It’s not just retirees who need to think about Medicare.
Anyone who plans to keep working when they reach the eligibility age of 65 should evaluate how — or if — Medicare will fit into their health-care coverage.
The program’s general rule is that unless you meet an exception, you’ll face late-enrollment penalties if you don’t sign up during a seven-month window that starts three months before your 65th birthday month and ends three months after it.
One of those exceptions is having qualifying insurance through your employer. Yet not all workplace coverage counts. And getting it wrong could cost you down the road.
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“The biggest mistake … is to assume that you don’t need Medicare and to miss enrolling in it when you should have,” said Danielle Roberts, co-founder of insurance firm Boomer Benefits.
Here’s what to know.
First, the basics
Basic Medicare consists of Part A, which is hospital coverage, and Part B, which is outpatient care coverage.
Part A has no premium as long as you have at least a 10-year work history of contributing to the program through payroll or self-employment taxes. Part B comes with a standard monthly premium of $170.10 for 2022, although higher-income beneficiaries pay more through monthly adjustments; see the chart below.
More than 40% of beneficiaries choose to get their Parts A and B benefits delivered through an Advantage Plan, or Part C, which typically includes prescription drug coverage, or Part D, and may or may not have a premium.
The remaining beneficiaries stick with basic Medicare and may pair it with a so-called Medigap policy and a stand-alone Part D plan. Be aware that higher-income beneficiaries pay more for drug coverage; see the chart below.
Late-enrollment penalties last a lifetime. For Part B, that surcharge is 10% for each 12-month period you should have been enrolled but were not. For Part D, the penalty is 1% of the national base premium —$33.37 in 2022 — multiplied by the number of months you didn’t have Part D or creditable coverage.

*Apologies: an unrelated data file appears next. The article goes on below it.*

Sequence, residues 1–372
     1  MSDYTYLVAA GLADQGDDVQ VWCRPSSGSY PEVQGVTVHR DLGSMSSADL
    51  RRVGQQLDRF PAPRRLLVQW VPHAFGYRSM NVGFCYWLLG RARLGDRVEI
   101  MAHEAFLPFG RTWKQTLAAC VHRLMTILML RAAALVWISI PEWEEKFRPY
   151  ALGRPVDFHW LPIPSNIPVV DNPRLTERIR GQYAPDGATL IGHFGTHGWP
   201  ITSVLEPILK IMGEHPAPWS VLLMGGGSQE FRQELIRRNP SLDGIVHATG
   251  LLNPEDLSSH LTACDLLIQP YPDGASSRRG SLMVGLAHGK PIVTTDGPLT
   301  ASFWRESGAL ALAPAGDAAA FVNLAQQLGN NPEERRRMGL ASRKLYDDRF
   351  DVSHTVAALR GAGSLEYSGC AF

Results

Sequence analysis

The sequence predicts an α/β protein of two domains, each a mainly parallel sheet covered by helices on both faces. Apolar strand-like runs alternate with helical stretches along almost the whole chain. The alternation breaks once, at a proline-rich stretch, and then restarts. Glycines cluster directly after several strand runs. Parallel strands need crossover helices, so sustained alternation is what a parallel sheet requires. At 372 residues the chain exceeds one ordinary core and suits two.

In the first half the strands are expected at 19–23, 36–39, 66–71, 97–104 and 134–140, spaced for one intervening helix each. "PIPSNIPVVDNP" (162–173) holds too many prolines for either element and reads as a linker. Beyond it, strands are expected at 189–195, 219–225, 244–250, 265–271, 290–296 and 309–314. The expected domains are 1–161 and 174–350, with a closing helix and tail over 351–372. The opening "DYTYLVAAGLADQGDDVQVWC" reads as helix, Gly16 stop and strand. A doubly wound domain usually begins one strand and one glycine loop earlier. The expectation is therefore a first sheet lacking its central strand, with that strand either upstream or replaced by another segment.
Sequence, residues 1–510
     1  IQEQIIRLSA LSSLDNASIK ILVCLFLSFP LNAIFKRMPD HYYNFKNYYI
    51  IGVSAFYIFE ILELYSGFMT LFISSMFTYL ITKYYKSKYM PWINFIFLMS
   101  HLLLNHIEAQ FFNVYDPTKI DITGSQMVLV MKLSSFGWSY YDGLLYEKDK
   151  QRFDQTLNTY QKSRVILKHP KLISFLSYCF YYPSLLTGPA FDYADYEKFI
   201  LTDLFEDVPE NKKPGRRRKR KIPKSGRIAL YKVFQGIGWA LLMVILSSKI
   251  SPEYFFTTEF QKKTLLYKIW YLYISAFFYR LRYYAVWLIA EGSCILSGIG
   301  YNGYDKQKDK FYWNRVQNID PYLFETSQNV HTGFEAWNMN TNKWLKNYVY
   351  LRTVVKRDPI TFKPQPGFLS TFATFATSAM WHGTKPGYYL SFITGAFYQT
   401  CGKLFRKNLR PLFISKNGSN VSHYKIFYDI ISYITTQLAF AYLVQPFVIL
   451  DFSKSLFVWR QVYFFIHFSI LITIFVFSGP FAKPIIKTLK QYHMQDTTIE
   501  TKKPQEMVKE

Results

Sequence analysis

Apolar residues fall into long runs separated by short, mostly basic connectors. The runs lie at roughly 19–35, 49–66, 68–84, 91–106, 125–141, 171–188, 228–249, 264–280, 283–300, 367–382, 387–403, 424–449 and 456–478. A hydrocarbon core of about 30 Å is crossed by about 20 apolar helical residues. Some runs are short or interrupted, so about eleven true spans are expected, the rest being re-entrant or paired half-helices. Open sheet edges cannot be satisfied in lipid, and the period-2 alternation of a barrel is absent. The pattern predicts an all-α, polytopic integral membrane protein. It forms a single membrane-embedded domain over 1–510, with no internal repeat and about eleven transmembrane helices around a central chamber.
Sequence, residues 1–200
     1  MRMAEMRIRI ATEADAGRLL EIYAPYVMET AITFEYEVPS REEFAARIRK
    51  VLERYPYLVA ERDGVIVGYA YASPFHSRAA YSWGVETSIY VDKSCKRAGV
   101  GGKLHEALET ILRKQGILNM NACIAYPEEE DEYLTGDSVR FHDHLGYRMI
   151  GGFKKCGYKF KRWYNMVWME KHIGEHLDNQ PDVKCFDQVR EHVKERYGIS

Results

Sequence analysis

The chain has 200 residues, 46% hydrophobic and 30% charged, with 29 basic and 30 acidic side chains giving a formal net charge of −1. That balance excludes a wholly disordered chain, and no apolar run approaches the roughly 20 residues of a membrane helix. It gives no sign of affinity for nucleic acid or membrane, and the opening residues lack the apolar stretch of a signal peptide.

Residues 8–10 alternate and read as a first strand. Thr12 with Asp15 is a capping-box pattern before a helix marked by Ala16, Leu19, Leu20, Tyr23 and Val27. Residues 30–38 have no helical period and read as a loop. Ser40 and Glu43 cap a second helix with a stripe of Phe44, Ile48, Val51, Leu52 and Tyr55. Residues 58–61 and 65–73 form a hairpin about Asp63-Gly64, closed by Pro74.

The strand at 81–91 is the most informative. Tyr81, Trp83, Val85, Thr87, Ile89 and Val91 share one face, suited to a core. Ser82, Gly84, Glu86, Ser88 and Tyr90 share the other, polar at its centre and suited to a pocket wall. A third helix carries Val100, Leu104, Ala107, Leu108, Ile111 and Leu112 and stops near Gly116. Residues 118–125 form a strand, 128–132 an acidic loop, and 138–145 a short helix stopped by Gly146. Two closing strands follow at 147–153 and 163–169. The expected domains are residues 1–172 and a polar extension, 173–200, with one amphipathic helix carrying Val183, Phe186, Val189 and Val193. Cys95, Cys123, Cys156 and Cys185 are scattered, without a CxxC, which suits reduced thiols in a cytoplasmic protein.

Company size matters
The general rule for workers at companies with at least 20 employees is that you can delay signing up for Medicare until you lose your group insurance, i.e., you retire or otherwise leave your job.
Many people in that situation delay Part B but sign up for Part A because it’s free as long as you have a 10-year work history of paying into the program through payroll taxes.
“It doesn’t hurt you to have it,” Roberts said.
However, she said, if you happen to have a health savings account, or HSA, paired with a high-deductible health plan through your employer, be aware that you cannot make contributions once you enroll in Medicare, even if only Part A.
Also, if you stay with your current coverage and delay all or parts of Medicare, make sure the plan is considered qualifying coverage for both Part B and Part D.
If you’re uncertain whether you need to sign up, it’s worth checking with your human resources department or your insurance carrier.
“I find it is always good to just confirm,” said Elizabeth Gavino, founder of Lewin & Gavino and an independent broker and general agent for Medicare plans.
Meanwhile, if you have health insurance through a company with fewer than 20 employees, you generally should sign up for Medicare at age 65 to avoid penalties down the road.
This is regardless of whether you stay on the employer plan. If you choose to remain on it, Medicare would be your primary insurance.
Additionally, anyone who gets insurance through the public health exchange — either healthcare.gov or a state marketplace — is expected to switch to Medicare at age 65.